The following adventures underground were almost all to the newly discovered Fischgesichthöhle, a cave known for a strong draft and a lot of ice. Hearing of this I went prepared in three sets of thermals, a furry, fleece, 3 pairs of socks, 2 buffs, 2 pairs of gloves and a hat. In all honesty it didn’t stop my extremities getting cold but the excitement of unexplored cave kept me going back. The short walk through the entrance lead to a 15 m pitch, the bottom of which had quite a few promising leads. The “windy tunnel” was my first bit of surveying and I had the delight of trying to record all the details as I offered to be on book. My third trip into Fischgesichthöhle gave me another first – bolting, the idea of which had very much scared me up until this point. I practised under supervision on a nice bit of ramp which needed a line as it later became too steep. This came in handy as on one of the last pushing trips into this cave I put my practice into action bolting a 35m pitch going from a rift into a massive canyon. Nothing has terrified me so much in caving before, particularly with my fear of heights, so the sense of achievement was incredible. Surveying the passage then meant I got to achieve one of my greatest aims of the trip, naming a bit of cave.
The moment that stuck with me was when I was sat in my harness at the top of the pitch, looking down into the canyon with my surveying partner, Mike, 35 m below me. The first time the DISTO laser was pointed down there, the reading had come back as 25 m. This was due to a shelf that was formed 10 m above the floor where an active stream ran. The water had clearly cut through this thin bit of rock leaving behind a long, narrow gap, following the path of the water. From my position above this gap was then illuminated from Mike’s light below, a bright line striking through the dark of the canyon. To me it looked like a lightning bolt and so a few days later, sat in front of the expo computer, I named the canyon “Blitzen Boulevard”; ‘blitzen’ being German for ‘lightning’.
Through the three weeks in Austria there were a few things that I managed to achieve but one of the best was my change in fitness. After a week I had already managed to get up the hill in just 2 hours and by the end of the expedition I had shaved that down to 1 hour 40 minutes. The walk to Fischgesichthöhle started at 1 hour 30 minutes, two weeks later it was down to just 25 minutes. (This was partly due to learning the route but practicing carrying my SRT kit everywhere was certainly making a difference). The final trip I did was back down Balkonhöhle where I helped derig the entrance series. I prusiked up the 70 m with an 85 m rope attached to me and still managed to reduce my exit time by 15 minutes compared to the first trip I did. I was thrilled. The hardest part of expo and the thing I had been most concerned about was the demanding exercise yet somehow I’d managed cope and the improvements were fantastic.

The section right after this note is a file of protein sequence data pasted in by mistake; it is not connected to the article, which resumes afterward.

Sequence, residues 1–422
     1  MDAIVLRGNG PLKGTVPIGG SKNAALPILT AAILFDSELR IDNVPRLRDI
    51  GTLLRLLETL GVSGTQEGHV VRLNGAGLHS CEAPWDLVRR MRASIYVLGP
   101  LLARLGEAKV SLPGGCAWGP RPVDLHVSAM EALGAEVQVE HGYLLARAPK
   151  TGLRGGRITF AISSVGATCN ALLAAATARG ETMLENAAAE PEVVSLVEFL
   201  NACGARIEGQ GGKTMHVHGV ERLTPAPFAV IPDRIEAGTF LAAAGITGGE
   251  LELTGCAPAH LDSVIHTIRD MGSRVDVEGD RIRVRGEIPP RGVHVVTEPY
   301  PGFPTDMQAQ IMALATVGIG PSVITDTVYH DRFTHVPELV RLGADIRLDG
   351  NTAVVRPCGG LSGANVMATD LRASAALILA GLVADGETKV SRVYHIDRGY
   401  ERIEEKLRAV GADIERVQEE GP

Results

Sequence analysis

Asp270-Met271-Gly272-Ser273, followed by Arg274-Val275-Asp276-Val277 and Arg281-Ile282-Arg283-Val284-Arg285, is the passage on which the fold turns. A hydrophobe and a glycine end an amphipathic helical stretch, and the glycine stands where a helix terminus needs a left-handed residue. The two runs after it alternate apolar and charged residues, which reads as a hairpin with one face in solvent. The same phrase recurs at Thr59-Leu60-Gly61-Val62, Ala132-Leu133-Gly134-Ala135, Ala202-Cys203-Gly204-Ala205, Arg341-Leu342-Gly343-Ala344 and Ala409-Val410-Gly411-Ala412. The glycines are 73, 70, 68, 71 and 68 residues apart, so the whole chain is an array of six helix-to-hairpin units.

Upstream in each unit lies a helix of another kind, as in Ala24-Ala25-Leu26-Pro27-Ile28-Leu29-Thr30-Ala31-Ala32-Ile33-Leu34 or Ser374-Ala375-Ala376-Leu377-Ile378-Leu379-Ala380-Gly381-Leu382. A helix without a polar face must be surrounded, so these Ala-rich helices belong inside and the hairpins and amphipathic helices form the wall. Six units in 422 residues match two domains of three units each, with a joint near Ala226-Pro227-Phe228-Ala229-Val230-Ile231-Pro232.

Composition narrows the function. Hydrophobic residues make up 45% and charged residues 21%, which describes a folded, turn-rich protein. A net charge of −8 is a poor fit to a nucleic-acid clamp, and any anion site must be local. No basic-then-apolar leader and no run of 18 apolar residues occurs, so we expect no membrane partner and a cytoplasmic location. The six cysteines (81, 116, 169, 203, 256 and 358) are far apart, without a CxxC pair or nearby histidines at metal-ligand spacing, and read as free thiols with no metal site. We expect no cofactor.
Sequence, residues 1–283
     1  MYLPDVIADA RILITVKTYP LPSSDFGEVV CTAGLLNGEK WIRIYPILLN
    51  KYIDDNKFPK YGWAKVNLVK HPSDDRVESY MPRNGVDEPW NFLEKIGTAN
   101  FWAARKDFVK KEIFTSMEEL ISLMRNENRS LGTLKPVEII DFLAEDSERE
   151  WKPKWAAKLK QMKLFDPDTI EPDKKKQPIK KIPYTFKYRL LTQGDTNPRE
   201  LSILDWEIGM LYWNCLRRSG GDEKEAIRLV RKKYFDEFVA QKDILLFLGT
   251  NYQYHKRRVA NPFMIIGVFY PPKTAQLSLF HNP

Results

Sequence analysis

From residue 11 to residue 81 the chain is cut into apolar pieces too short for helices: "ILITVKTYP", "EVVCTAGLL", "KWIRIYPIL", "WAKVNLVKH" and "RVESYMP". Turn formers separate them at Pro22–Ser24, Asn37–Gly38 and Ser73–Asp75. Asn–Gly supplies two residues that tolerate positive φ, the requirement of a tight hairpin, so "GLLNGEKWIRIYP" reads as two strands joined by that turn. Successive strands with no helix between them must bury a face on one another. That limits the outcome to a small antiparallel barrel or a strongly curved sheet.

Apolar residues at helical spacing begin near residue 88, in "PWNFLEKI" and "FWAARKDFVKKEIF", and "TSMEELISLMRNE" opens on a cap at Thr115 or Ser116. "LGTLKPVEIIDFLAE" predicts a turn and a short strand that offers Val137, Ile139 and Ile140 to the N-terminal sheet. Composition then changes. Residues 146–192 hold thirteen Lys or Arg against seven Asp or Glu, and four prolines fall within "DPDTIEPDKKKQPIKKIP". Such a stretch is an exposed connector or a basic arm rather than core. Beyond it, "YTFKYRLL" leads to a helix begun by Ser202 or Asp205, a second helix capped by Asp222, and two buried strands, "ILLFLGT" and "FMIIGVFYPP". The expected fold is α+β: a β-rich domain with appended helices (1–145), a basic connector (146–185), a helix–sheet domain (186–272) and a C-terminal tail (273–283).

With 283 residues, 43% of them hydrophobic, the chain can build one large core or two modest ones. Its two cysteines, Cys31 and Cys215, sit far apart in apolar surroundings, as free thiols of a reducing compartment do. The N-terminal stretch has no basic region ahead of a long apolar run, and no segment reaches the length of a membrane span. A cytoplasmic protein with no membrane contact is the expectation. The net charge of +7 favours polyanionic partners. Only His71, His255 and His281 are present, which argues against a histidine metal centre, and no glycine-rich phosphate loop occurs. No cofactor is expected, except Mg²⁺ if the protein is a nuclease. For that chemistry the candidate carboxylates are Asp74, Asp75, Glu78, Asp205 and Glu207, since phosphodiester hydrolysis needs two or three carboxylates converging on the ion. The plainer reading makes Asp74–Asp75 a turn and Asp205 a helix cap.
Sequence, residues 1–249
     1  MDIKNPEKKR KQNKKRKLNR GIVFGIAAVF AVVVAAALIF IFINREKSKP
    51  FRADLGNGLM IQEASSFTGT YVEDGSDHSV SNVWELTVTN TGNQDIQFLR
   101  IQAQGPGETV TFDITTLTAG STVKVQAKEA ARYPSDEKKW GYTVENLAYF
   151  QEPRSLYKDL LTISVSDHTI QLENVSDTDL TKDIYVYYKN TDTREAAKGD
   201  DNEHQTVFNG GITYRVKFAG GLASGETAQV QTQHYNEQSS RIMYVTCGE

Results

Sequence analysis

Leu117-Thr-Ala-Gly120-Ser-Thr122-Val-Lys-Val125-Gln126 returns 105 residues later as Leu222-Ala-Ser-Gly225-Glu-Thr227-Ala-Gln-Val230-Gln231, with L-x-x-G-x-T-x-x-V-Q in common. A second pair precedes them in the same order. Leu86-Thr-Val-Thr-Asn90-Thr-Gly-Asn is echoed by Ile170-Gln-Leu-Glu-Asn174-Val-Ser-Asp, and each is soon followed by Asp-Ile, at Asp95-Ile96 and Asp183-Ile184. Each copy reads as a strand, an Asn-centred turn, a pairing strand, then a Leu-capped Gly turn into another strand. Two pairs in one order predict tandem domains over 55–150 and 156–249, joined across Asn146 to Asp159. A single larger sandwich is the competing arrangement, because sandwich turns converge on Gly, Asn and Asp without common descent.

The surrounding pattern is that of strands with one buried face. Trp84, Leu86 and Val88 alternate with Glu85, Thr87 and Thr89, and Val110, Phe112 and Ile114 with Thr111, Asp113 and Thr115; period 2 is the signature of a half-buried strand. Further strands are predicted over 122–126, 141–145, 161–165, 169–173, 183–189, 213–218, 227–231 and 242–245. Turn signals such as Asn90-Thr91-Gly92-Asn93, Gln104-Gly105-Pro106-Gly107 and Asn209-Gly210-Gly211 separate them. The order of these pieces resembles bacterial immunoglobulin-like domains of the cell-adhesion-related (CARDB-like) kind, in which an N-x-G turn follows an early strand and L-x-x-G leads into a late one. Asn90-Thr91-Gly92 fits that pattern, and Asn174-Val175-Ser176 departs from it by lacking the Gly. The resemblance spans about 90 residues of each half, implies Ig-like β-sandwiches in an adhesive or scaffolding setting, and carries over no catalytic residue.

Another challenge towards the end of the expedition was the derigging of ‘Cathedral Chasm’. Having started caving less than a year ago (approximately 8 months) I had only ever derigged a cave once and had only practiced a couple of times during training at the indoor climbing wall. Normally this would have affected my confidence quite severely but as I had already spent two weeks caving I agreed to help derig a pitch series which had been created entirely on naturals. It was definitely tougher than had been expected although before I went down no-one was even sure how many deviations or rebelays there were meant to be. The first deviation required quite a jump but I didn’t let it put me off and carried on down. 2 more deviations, 3 rebelays and a concerning amount of rope-rub later, I could see the end of the rope. However the inventive rigging had me stumped as I found myself almost strung-up between two bolts and what looked like a free-hanging traverse line over a 7m pitch. I tried a number of techniques to continue on but with limited time and knowledge I eventually decided that it would be unwise to attempt to get across to the last bolt.
Prusiking up was another task in itself as I knew I had passed a point where the rope was definitely rubbing and showing it despite only one other person having come down before me. I was therefore careful in the way I moved back up and was glad to have remained calm and held my nerve until I finally came off the rope at the top. I was certainly disappointed in not having managed to complete our trip objective but after explaining to others and further consideration it was clear that some chord was probably needed at the very least to get back safely from the last bolt. I had considered this whilst trying to get to the bottom of the pitch and so I was consoled in knowing that my efforts weren’t entirely wasted as I had found out what others would need to be able to do the job correctly.
Overall my experiences at expedition were like nothing I could have had in the UK and certainly weren’t like anything I could have imagined only two or three years ago. The incredible caves were matched by the beautiful scenery and my last triumph was a stunning sunset (or two) which I managed to photograph from top camp where it felt like you were a million miles from civilisation.
Text & photos: Alice Shackley